Print zine Little Joe is the queer cinema bible—and would no doubt revel in such a sacrilegious accolade. A sense of mischief runs through its pages, whether in the form of erotic stills from long-lost gay movies, the platforming of marginalized filmmakers, or the rebellious act of challenging cinema's heteronormative status quo.
Little Joe is the offspring of Sam Ashby, a London-based cinephile and the designer behind the memorable posters and artwork for recent film releases like Andrew Haigh's Weekend and Sean S. Baker's Tangerine.
In an effort to delve into Sam's motivations for starting Little Joe, we asked him about why it's necessary, or even just compelling, to continue to map and remap cinema's illustrious queer history. It's a potted history, and one that dips proverbially "in" and "out" of the closet—which is to say that, while some films are overtly LGBT, others have the potential to be read that way. Here, Sam shares some insight into how we can learn to read them.
VICE: When did you first have the idea for Little Joe?
Sam Ashby: I was watching Andy Warhol and Paul Morrissey's Flesh with some friends one drunken summer night in 2008. I couldn't understand why I hadn't seen or heard of the film before. I'd wanted to create a magazine for some time, and here was the concept: a film publication that instilled a sense of discovery in the reader.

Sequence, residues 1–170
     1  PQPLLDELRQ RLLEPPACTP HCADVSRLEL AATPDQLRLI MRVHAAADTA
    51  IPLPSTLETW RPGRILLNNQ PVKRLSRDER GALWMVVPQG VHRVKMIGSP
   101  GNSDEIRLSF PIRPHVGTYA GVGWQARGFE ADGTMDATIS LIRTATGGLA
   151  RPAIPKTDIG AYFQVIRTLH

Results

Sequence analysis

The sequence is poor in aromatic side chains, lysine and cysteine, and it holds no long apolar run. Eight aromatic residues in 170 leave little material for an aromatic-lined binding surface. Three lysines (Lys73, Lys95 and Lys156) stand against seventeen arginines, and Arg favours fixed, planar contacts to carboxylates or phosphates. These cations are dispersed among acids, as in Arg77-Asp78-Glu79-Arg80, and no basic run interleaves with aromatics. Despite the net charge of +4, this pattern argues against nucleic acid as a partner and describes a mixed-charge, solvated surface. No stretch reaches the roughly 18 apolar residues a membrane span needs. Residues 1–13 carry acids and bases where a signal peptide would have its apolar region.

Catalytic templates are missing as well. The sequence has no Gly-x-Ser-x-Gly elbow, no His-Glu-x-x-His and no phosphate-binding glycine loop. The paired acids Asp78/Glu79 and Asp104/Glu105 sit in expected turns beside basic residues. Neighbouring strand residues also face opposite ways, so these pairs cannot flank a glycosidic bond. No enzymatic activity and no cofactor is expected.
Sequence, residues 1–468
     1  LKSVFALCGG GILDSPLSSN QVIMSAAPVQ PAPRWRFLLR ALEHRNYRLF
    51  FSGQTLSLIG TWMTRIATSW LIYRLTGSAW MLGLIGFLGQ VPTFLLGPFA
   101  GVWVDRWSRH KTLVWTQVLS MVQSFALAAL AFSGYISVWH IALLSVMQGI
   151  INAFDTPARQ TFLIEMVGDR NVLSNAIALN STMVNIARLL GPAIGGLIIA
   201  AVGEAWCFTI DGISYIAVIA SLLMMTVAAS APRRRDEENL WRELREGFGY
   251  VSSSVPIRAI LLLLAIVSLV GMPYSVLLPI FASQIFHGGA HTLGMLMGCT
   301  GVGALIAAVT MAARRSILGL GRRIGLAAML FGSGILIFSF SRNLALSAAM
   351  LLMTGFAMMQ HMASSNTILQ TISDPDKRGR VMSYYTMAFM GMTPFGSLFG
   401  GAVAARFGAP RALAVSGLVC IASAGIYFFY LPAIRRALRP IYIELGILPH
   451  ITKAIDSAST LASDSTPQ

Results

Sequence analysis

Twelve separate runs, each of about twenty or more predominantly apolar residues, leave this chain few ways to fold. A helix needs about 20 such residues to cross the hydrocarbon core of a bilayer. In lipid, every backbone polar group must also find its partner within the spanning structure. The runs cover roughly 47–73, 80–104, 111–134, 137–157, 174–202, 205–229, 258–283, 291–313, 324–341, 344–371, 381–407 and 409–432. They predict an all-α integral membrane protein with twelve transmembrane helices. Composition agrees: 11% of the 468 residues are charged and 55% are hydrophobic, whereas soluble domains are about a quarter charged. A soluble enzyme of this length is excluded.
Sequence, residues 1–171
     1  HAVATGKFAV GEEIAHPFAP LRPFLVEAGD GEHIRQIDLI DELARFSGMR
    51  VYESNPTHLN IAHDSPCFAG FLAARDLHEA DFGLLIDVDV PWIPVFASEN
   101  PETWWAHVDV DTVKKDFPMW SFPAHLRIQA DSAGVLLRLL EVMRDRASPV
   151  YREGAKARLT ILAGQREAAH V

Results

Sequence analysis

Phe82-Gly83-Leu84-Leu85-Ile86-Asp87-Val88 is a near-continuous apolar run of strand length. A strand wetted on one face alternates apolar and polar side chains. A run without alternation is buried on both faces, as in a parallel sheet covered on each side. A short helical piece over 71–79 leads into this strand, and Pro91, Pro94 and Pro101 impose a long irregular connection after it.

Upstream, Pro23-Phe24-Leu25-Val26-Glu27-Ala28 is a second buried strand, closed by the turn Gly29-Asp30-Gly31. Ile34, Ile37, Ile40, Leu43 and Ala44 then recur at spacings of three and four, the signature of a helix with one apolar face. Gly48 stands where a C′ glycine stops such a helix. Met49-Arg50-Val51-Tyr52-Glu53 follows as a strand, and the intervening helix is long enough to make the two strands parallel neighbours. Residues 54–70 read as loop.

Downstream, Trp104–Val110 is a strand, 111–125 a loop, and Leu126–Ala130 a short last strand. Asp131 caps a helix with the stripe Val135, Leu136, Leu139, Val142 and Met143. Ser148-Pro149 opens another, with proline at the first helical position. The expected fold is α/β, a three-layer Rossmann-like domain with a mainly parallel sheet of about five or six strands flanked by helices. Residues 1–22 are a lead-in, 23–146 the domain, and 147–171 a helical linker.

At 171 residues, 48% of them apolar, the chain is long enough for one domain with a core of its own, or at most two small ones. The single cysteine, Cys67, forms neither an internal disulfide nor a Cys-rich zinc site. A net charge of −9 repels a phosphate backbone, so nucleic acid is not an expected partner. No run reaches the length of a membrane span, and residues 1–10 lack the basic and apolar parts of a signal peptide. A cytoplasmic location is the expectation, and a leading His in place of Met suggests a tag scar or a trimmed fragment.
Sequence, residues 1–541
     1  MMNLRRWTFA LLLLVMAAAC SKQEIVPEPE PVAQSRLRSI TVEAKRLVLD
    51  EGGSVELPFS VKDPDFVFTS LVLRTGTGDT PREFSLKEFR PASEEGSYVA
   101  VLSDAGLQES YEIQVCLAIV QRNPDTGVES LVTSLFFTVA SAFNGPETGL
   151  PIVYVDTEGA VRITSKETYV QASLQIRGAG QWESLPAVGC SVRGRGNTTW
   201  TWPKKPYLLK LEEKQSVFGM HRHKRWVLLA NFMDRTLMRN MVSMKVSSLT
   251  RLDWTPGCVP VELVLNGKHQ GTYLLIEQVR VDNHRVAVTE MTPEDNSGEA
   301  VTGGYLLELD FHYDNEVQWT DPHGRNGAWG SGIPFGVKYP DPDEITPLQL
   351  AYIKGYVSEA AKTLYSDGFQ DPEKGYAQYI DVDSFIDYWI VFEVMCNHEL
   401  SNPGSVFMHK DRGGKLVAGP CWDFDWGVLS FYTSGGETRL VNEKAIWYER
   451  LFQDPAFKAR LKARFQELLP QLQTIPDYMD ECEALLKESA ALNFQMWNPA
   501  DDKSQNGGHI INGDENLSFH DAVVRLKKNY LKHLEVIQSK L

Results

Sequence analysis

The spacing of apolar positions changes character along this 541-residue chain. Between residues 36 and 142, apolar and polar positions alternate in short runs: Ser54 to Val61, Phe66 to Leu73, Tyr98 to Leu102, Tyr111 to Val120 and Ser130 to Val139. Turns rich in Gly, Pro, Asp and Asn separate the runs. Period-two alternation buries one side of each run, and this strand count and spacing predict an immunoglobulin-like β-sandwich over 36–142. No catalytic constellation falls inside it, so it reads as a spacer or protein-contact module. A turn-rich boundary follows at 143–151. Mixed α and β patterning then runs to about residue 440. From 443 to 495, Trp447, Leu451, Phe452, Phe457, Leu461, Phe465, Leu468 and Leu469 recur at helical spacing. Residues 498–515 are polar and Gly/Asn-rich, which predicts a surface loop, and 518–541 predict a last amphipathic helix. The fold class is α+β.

The unforgettable sight of "Little Joe" Dallesandro's bare ass as he lay face down in bed gave the magazine its name. It's a wink to those who get the reference and a point of discovery for those that don't. It also gives the publication a certain personality and defines its diminutive format.
What was your initial vision with the design, and how has it evolved over the years?
Little Joe started out as a fanzine, really, albeit one with academic articles! I wanted it to feel familiar, nostalgic, like an object of the past. At the time of producing issue one, I was photographing an old cathode-ray TV screen showing VHS versions of films like Cruising and American Gigolo, and I was playing around with layering found images and turning GIFs into print. Due to budget constraints, I printed the first issue in an edition of 500 copies on a Risograph machine with Ditto Press. It is mostly two color, and the print effect is wonderfully low-fi, further imbuing a VHS aura. The second issue was influenced by the 70s, in particular the book Film as a Subversive Art by Amos Vogel.